Vemuri Gaggaiah, Kocharlakota Sathyanarayana, Dasari Lakshmaiah Chowdhary, T. Ramakrishna Sastry, M.V. Rajamma
When Raja Venkatarama Apparao Bahaddur popularly known as Mirzapuram Raja decided to enter the world of cinema, he chose to produce films from his native place Nuziveedu instead of Madras which by then was fast replacing Bombay, Kolhapur and Calcutta as the centre for Telugu movie production. He built a studio with semi-permanent floors on a vacant land on the outskirts of Vijayawada. At a time when social themes were making an impact, the Raja chose a mythological subject, the story of Jarasandha and signed ‘Sathavadhani' Veluri Sivarama Sastry, a renowned scholar to write the script.
Chitrapu Narasimha Rao who made his debut with P.V. Das's Seetha Kalyanam (1934) had by then directed three more mythology movies Sri Krishnaleelalu (1935), Sathi Tulasi (1936) and Mohini Rukmangada (1937). Mirzapuram Raja roped him in as the director. Gaggaiah starred in the last three films of Chitrapu Narasimha Rao and he was a natural choice to play Jarasandha. Kocharlakota Sathyanarayana was hailed as ‘Abhinava Rama' for his portrayal of Rama on stage. He was signed for Krishna's character.
The movie opens with King Brihadradha praying to sage Danda Kaushika to bless him with a child. The sage gave him a fruit that Brihadradha cuts into two pieces and gives to his two wives. They gave birth to two dead pieces of a child. Aghast, the King throws the pieces outside his fort. Demon Jara (played by Kanchi Narasimha Rao) finds them and joins the two pieces. The child breathes life and is named Jarasandha. He grows to become a despot emperor and develops hostility towards Lord Krishna. He had a son, Sahadeva (B. Brahmaiah) and a daughter Kalyani (M.V. Rajamma) both devotees of Lord Krishna. Jarasandha had two nephews – Durjaya (Kothuri Sathyanarayana) and Karthikeya (T. Ramakrishna Sastry). The later is a devotee of Krishna and the former as cruel as Jarasandha. Kalyani and Karthikeya were in love and this irks Jarasandha who wishes to perform her marriage with Durjaya. Unable to turn his son and daughter to follow the family tradition of vamachara , Jarasandha decides to wage a war against Krishna and Balarama (Jonnalagadda Seetharama Sastry). He loses the war and returns to his kingdom only to find that Karthikeya and Kalyani, with the help of Sahadeva, have set all the prisoners free. A furious Jarasandha jails Kalyani and Karthikeya. Kalyani prays for the intervention of Lord Krishna. He appears along with Bhimasena (Dasari Lakshmaiah Chowdhary) and Arjuna (Dittakavi Ramachandra Rao). Bhima vanquishes Jarasandha. The marriage of Karthikeya and Kalyani was performed in the presence of Lord Krishna and Pandavas.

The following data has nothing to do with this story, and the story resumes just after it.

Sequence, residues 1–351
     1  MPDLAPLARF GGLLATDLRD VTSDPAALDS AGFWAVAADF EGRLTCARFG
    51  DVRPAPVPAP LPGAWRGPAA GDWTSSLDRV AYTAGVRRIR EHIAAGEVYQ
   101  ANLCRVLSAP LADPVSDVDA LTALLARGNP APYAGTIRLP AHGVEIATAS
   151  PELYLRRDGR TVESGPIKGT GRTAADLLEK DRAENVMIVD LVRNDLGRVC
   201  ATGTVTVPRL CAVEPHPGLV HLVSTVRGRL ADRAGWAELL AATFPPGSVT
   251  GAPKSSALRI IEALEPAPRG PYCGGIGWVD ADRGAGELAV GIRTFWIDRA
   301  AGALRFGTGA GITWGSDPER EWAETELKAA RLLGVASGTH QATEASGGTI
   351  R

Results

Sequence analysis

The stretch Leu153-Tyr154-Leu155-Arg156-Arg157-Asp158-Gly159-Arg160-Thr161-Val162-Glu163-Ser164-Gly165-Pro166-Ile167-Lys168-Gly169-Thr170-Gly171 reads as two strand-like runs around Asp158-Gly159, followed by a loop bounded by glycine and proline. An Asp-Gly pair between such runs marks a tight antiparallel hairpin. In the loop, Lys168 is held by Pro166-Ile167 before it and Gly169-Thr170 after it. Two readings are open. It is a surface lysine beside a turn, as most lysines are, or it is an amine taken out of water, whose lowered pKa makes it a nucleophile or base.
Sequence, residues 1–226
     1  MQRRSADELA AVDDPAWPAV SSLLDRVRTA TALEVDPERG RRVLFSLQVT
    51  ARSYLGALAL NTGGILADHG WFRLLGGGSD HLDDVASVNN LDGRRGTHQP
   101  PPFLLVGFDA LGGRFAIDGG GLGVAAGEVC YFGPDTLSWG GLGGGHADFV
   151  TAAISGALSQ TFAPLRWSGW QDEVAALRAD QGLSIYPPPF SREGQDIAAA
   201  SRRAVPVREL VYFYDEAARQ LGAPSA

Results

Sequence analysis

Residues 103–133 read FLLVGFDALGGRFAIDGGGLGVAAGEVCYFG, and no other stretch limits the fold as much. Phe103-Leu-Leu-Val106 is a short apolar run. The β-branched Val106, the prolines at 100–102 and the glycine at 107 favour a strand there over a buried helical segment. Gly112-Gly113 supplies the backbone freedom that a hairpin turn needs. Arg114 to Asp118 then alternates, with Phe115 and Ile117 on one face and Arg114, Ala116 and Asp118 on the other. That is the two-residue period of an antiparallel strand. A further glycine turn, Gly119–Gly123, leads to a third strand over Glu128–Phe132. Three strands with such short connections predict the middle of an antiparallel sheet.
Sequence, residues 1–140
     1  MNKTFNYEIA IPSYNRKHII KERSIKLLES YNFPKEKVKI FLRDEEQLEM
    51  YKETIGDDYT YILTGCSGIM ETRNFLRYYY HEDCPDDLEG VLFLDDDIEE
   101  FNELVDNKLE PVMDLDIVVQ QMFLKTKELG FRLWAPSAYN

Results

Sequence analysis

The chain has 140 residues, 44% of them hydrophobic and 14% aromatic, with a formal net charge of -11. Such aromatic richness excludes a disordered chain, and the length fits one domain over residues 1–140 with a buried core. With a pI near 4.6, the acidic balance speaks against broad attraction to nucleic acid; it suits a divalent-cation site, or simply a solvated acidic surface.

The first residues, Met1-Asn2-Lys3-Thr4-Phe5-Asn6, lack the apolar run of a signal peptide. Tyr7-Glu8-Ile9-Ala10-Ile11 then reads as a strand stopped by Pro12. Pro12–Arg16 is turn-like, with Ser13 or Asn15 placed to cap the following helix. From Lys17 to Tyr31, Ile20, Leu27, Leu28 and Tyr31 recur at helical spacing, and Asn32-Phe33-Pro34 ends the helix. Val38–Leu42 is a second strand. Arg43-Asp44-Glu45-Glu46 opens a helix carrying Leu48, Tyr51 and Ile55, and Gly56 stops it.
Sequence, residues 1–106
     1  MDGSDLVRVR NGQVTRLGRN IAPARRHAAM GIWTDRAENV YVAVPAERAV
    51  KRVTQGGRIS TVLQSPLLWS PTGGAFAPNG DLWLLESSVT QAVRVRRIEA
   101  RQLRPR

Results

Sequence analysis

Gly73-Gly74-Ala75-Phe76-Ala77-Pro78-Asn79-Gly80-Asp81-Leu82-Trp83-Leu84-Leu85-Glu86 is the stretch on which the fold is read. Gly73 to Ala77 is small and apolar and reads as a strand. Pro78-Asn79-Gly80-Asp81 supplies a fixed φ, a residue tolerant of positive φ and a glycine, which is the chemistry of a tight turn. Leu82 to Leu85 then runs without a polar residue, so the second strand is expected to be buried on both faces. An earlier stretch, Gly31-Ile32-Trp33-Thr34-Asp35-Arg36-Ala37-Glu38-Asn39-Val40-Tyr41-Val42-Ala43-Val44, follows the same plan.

As Krishna, Kocharlakota Sathyanarayana matched in histrionics with Vemuri Gaggaiah known for his high voltage performance and dialogue delivery. The find of the movie was M.V. Rajamma. The versatile Kannada actress-singer later became a multilingual actress of over 175 films in all the south Indian language. She still holds the Kannada drama record along with B.R. Pantulu for staging a social play, Samsara Nauka 7000 times. The writer-director of the play H.L.N. Simha later made it into a film in 1936 and this first Kannada social film was a huge hit paving the tinsel town entry for both B.R. Pantulu and Rajamma. She was also hailed as the first women film producer in Kannada with Radha Ramana (1943) in which Pantulu co-starred with her. For Telugu audience Rajamma became more familiar after the release of Yogi Vemana (1947).
The laudable feature of Krishna Jarasandha was its technical finesse. The war scenes between Krishna and Jarasandha and the climax fight in which whenever Bhimasena cuts Jarasandha into two, the pieces join and he come alive thrilled the audience, thanks to the trick photography work done by art director turned cameraman Telang who assisted the cinematographer D.B. Chavan, a fellow Maharashtrian. Despite this and fine performances, the film failed to click because of its slow pace. None of the 20 songs and 5 poems (written by Balijepalli and tuned by Gali Penchala Narasimha Rao) impressed.
Mirzapuram Raja produced one more film, a damp squib Mahananda directed by Dronamraju China Kameswara Rao with Addanki Sriramamurthy and Kannamba in the lead at the same studios. He then shifted base to Madras, bought a piece of land at Alwarpet constructed Jaya Studios (later expanded it and renamed it as Sobhanachala studios) and produced Bhoja Kalidasu (1940) directed by H.V. Babu with Kannamba and Addanki in the lead. It was a hit.